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Non-Review Review: The Guernsey Literary and Potato Peel Pie Society

Early in the film, a supporting character reveals the ingredients of the eponymous culinary delight, the mysterious “potato peel pie.” Those ingredients are, somewhat predictably, potatoes and potato peels. With some small measure of pride, the character in question boasts that his potato pastry remains conceptually pure. There is no flour, no sugar, no flavouring. There is only potato. Watching The Guernsey Literary and Potato Peel Pie Society, this almost feels like a moment of self-awareness.

The Guernsey Literary and Potato Peel Pie Society could certainly use more flavouring.

Pie in the sky thinking.

The Guernsey Literary and Potato Peel Pie Society is warm, comfort blanket storytelling. Director Mike Newell moves the story along with a gentle and tender nudge, never pushing or forcing his characters into challenging or uncomfortable positions. Cinematographer Zac Nicholson makes the island of the title seem like a postcard through which the characters might wander. The surroundings in which the characters find themselves are genuinely idyllic, looking like paradise even in the wake of horrific enemy occupation.

Similarly, composer Alexandra Harwood’s score offers constant emotional reassurance to the viewer. The music adds an extra layer of security over these idealised visuals, making an unspoken promise that no character over the course of the film will face anything too horrific or unsettling. The characters in The Guernsey Literary and Potato Peel Pie Society are confronted with all manner of horrific realities, but the score seems to buoy them, promising the audience that these islanders and their visitors will endure.

Spinning its wheels.

There is some value in this. Gentleness is an underrated virtue, particularly in this day and age. There is a place of stories that are consciously and insistently non-threatening, films that don’t so much hold the audience’s hand as wrap their arms around the viewer in a guarantee that all will be well and that everything will work out in the end. The Guernsey Literary and Potato Peel Pie Society unfolds in a world without tension.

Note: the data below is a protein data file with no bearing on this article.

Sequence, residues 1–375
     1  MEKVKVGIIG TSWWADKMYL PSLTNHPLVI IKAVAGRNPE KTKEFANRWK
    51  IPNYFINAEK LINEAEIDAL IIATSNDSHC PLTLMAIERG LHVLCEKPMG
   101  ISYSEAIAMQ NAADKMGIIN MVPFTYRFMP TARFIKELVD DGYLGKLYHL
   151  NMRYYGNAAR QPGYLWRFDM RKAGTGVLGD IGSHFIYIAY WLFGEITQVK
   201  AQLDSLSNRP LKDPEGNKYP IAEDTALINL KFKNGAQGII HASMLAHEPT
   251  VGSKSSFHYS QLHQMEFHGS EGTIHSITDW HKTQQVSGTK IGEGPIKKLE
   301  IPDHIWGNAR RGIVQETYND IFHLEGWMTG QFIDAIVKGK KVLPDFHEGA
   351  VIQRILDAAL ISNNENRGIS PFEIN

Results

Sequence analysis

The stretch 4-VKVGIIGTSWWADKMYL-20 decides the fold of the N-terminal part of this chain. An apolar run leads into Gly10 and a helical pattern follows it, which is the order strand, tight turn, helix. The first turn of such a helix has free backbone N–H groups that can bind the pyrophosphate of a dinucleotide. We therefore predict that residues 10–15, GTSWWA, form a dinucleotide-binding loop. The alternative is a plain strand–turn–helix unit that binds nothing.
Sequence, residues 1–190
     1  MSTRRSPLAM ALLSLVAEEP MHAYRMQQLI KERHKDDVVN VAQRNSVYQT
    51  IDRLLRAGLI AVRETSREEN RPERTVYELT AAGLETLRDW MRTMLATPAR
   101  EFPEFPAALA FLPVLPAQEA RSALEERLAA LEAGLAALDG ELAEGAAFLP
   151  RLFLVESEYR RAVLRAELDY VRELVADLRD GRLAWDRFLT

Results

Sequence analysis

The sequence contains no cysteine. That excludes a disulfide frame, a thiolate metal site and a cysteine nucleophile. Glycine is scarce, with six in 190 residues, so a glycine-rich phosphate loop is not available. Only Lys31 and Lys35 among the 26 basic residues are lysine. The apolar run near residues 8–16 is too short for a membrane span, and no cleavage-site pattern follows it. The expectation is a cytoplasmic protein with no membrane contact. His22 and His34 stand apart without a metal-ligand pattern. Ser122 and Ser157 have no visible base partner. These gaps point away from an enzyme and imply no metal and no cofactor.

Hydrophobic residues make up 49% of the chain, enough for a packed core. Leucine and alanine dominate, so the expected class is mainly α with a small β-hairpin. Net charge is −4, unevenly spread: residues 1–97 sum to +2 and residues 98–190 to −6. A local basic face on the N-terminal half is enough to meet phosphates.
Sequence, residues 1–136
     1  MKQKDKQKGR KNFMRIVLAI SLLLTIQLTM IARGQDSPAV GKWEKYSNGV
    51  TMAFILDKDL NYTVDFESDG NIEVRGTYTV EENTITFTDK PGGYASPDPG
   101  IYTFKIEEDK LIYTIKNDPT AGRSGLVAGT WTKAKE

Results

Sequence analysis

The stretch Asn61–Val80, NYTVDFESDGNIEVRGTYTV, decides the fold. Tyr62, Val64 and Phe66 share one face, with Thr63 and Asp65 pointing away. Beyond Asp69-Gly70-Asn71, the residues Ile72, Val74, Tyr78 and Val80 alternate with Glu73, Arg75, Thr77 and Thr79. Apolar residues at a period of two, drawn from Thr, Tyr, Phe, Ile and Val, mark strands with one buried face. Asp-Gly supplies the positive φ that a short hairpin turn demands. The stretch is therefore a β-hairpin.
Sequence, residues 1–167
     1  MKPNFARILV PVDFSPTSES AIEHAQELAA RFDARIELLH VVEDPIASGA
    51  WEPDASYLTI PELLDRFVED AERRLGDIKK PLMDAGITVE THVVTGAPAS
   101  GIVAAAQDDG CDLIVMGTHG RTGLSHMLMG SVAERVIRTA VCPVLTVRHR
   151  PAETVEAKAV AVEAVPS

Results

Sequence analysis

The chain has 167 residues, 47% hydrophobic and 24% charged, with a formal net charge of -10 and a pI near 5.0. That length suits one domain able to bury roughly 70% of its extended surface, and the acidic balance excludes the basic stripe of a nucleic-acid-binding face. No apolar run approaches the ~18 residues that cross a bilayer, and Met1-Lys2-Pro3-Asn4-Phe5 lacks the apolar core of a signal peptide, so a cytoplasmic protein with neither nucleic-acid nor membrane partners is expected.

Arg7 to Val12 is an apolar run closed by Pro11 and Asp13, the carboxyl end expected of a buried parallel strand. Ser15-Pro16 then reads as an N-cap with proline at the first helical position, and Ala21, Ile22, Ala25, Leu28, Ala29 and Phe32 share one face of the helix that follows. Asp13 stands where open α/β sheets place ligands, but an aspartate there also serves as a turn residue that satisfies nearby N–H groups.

Indeed, the basic premise of the film assures the viewer that everything will be fine, unfolding in the aftermath of a horrific ordeal. The script very carefully establishes that its characters have survived the worst that the world could throw at them. Although The Guernsey Literary and Potato Peel Pie Society involves making inquiries into that troubled past, the story serves more as a gentle requiem than as a brutal exhumation.

Not German to the discussion at hand.

At one point, the lead character Juliet Ashton espouses the appeal of a career as a novelist. Jokingly, she articulates the wonders of working in the comfort of familiar surroundings, with the teapot always within reach. There is nothing wrong with that kind of story, and The Guernsey Literary and Potato Peel Pie Society is certainly well-constructed in those terms. There is never any confusion about what kind of film that The Guernsey Literary and Potato Peel Pie Society is going to be.

However, there is something disingenuous in all of this. There is a faint sense beneath this reassuring exterior that The Guernsey Literary and Potato Peel Pie Society quietly aspires to be more than just a comfort blanket, that it has important things that it wants (or needs) to say about an interesting and challenging chapter of British history. At certain points, this potato peel pie aspires to give its audience something to chew over, to leave the viewer with something to digest.

Foyles’ War.